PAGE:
...productively? Listen, how do youovercome objections or respond accordingly? Those are technical skillsthat we just assume that, oh, you have a great personality, you'll figure itout versus really listening in on them.That goes back to you. What you talked about in listening to tape, listeningto phone calls sitting with them to say you, you sort of cut that person allfor. You didn't really answer their question or you know. So it's not you're right. How does the productconversation go, but there's a whole another wrapper around this oftechnical skills that I think a lot of people, just assume that if you applied to asales person's job, you should already know how to do this right. I meanabsolutely or we train in one area of the sales process, glad I do see that,like we train a lot on overcoming objections,right, leovigild objections, overcoming objections, but we forget like if wejust did a better discovery. We'd get less objections right in our pitch wasa little bit more polished. We would get fewer objections, so I do see thatwhere people like, but I am training my team ring, we do we role play onobjections every Friday and I'm like what that that's the process right.Well, I used to when I used it when I used to teach I used to say, if youdon't start your conversation or open your conversation correctly, you'renever going to get to the objections, all right, they're just going to hangup the phone or they're going to walk away or they're going to say. Thank youvery much. That's okay! I don't need any help and you're going yeah, but Ihave a great pitch. I know how to come over overcome objections. So so, okay, let let's let's pivot tothat. Then when, when you're- and I know again it- this will depend on theorganization and what you were saying before in terms of your mission and your values. But are there in your experience? Arethere two or three qualities that a good sales person must possess, or elsethey're just going to struggle? Yes, one they have to like people like people. That's so funny you saythat, because I every time I've asked that question, I'm not sure anybody hasever answered it that way, they've given me every other quality, but thatone it's funny that that that's the mostobvious it's a lot of people. You know, becauseI know that that you're, like Ol Dorian, no there's no dot anymore. It's like no literally. The do you likepeople like do you feel like humans are like generally good or it's like? No, Idon't know like people or no. I prefer to do my own thing. I know you knowwhatever I think they'll tell you what I think of people. If you ask them you have to like people. I think thatthat is so important right. The second thing that I am looking for is awillingness to learn. I think that sales is a totally learnable skill, but it is onethat changes all of the time as technology changes. Right, like Istarted my sales career, you know back in two thousand and fiveselling Radio Advertising in Orlando Florida. When they're, you know need tolike print the math quest directions to get where we wanted to go right. It isprocess has changed and we have to be willing to change with it or you'regoing to wind up. You know with those people that are like I've always got itthis way right. So I think it's like the willingness to grow and learn andchange like that's a thing so important for sales, and they have to be willingto take feedback there to be willing to be coached right, assuming they getcoached and try and think they need that. So I'm looking for somebody wholikes people, I'm looking for somebody who was willing to learn and grow, and then, if I had topick a third one I am always looking for. I really likecompetitive people. I find that competitive people willmotivate themselves. They don't need me to motivate them. They will competewith themselves and if I had a choice...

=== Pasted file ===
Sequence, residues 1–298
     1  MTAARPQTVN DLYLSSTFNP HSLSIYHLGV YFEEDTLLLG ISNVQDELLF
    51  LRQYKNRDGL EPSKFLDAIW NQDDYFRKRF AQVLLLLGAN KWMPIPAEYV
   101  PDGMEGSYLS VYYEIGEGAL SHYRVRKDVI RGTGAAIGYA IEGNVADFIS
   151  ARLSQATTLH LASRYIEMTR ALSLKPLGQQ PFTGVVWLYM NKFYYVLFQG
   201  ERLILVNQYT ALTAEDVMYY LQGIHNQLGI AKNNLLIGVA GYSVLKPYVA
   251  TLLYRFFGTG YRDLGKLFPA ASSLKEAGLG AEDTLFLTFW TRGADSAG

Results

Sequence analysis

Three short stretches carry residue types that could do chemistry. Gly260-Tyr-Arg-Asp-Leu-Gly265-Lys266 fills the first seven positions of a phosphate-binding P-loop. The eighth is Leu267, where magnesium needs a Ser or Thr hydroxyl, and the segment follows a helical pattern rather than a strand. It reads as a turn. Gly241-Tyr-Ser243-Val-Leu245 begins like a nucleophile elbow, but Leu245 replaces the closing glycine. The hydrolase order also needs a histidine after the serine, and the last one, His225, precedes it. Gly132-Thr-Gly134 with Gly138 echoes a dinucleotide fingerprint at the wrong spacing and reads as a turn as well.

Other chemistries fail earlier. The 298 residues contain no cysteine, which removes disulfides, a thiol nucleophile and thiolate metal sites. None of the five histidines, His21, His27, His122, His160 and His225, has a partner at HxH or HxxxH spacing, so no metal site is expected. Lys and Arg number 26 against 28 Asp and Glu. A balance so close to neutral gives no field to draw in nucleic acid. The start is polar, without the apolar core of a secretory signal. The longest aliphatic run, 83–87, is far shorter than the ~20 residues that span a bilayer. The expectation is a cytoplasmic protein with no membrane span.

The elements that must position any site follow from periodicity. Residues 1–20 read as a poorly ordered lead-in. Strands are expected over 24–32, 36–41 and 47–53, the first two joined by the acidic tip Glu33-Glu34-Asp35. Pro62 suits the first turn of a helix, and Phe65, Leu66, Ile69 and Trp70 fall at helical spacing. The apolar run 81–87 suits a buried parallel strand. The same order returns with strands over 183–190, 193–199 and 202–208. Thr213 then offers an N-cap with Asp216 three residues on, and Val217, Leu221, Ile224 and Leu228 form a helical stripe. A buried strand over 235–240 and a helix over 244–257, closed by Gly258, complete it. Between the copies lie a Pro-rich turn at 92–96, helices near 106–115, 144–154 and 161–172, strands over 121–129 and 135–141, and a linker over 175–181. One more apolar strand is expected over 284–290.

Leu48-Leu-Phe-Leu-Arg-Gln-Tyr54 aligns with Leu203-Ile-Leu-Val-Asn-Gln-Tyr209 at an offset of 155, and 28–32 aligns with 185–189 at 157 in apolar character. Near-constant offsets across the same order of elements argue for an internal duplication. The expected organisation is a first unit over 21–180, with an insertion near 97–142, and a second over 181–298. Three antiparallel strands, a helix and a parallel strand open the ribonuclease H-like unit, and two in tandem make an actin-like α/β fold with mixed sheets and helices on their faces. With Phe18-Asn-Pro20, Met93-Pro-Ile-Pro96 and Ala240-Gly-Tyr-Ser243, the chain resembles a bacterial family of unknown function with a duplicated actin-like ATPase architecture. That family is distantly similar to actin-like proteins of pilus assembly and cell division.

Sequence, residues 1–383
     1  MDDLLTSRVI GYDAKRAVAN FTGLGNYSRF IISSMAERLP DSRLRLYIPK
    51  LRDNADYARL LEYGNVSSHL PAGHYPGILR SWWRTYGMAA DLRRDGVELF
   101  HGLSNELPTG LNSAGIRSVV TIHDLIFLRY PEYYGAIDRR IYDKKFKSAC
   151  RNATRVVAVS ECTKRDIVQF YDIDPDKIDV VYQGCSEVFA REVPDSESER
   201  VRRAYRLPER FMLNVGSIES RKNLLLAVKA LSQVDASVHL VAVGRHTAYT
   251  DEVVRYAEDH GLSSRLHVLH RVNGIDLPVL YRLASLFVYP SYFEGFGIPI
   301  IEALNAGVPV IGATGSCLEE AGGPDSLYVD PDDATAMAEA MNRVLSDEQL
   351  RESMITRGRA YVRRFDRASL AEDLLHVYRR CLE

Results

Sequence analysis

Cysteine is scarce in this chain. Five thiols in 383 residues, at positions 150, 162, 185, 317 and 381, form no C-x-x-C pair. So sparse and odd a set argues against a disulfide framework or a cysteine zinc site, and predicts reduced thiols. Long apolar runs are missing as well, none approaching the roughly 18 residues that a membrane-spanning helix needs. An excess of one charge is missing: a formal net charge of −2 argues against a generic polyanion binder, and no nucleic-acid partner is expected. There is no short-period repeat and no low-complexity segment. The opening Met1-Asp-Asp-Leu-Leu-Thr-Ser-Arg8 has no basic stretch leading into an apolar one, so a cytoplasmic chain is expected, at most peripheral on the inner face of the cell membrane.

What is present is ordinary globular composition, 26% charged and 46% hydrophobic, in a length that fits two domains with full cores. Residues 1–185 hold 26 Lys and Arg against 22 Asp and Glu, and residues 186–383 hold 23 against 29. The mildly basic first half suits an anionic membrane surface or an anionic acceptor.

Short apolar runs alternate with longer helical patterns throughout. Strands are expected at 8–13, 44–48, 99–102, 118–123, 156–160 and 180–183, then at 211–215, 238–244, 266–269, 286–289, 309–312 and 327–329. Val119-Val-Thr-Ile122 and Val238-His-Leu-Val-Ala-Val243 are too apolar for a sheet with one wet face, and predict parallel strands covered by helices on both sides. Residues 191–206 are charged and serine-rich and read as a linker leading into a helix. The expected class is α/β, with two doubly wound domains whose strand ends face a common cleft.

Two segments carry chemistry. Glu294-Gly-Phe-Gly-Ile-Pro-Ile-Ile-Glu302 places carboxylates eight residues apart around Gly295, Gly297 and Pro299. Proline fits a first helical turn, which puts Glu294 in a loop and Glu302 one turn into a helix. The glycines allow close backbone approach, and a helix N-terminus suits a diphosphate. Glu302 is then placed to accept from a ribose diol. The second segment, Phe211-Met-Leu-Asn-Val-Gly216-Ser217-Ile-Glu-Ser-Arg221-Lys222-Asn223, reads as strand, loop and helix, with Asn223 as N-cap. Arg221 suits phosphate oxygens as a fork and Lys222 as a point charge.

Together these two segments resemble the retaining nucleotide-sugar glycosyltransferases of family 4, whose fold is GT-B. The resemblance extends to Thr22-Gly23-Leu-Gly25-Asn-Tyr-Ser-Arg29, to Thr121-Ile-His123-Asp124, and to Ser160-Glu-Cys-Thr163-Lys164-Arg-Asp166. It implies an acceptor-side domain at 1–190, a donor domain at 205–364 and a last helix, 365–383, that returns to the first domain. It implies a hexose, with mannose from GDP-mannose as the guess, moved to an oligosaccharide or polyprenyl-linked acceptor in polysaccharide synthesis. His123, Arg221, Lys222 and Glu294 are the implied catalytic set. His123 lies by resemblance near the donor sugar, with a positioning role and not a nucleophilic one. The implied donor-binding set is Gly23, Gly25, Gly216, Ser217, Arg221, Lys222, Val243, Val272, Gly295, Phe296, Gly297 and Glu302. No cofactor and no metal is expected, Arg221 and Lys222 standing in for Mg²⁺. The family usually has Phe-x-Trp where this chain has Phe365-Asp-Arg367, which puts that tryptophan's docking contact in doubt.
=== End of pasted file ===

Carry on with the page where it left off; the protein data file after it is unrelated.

...like, I literally would only hireathletes. I don't think that's legal, but I would realise what we do so if I had choice, because I thinkthat that that competitiveness that willingness to learn that being okay, olosing that you know learning how to have difficult conversations. So muchof that comes in sports, but if I had to boil it down to one word, is I wantsomebody who is competitive even if it was? You know themselves small stuff, like okay? Yesterday Imade twenty calls today, I'm going to make twenty five right last month. Iclosed eight deals this month out of the close ten, because they have tohave some of that self motivation that self competition right, I'm looking fora character trait like that's it right that competitive self motivated driverfactor I'm to have to have that. Okay, so next level from that, when you'rebuilding a team, I've heard people default to to yourpoint, I want all those hyper competitive, I'm looking for superstars,I want to staff for superstars. I've never run across a team where it's allsuper sages. I don't believe you can have all superstars on your team. Thedynamic doesn't work, it almost becomes cut throat where me becomes really toostressful. So when you're building teams and adding on, is it always just your same sort ofcheck list or you yeah? Do you just put him through thesame filter? But then, once we put him through the training people sort offall into their well, you know: Ryan is going to Pencil. Eight deals everysingle month, maybe she'll get to night. Maybe she'll get the seven, but that'sright, but then someone else is going to go there, one month or twelve onemonth or seven one month this one month that how do you build a team and scalea team, because that's also something that people really struggle with astheir business grows? Yeah great questions, so I mean, I think the firstpart of the question is you know if you go for all drivers and competitors youwind up, you know with a cut for environment. I think that's our job isleaders right like if I be environment, has become for cut fort, like there'ssomething missing from a leadership perspective, but I want them competingwith themselves, not each other right competing with yourselves your goals.What you want it's really about like managing people to their own personalstandards, not each other. So that's how we find a bunch of drivers drivingin the same direction without them trying to kill each other. Okay, I onethat step to is how do we? How do we build a team? We have a rule of film?Is that everybody for xes their investment before we hire the nextperson, meaning if the base salary for this job is fifty sandolas? That personhas to have generated two hundred thousand dollars in revenue before wehire the next month, and then that person has to do that before we hirethe next one. So then we can we create enough space profitability wise to notneed them all, to do something specific to pay the bills right. Watch con. Dothis. I worked for this company that hired you know. They got a bunch offunding and they hired like four hundred sales people across the countryand then within. Like eighteen months, we were a sales team of like twohundred and thirty right. It was because we took the cash and we dumpedit into it, and then we didn't, we make sure each person was profitable beforethe next person came on board, and then we didn't have the cash for the peoplewho were never profitable right and not everybody who hire isgoing to be profitable. Some people are going to have to fire. Some people aregoing to have to left us, so people aren't going to be able to make it, andI think it's also a misconception. Glen kind of a side note about sales is thatwe should always get it right right like Oh, you know, there's turnoverwe're doing it wrong. It's again it's normal and I would rather get somebody out ofthere than keep him in and keep paying for him. You know, but if you're a show,let me let me push back on that and somebody would say I can hear itbecause my brain went there for a moment. Okay, going back to what yousaid, it takes nine to twelve months to get up to producing right what, if youare trying to scale faster, I mean you could probably hiring hundreds right,but if you have the band with or the...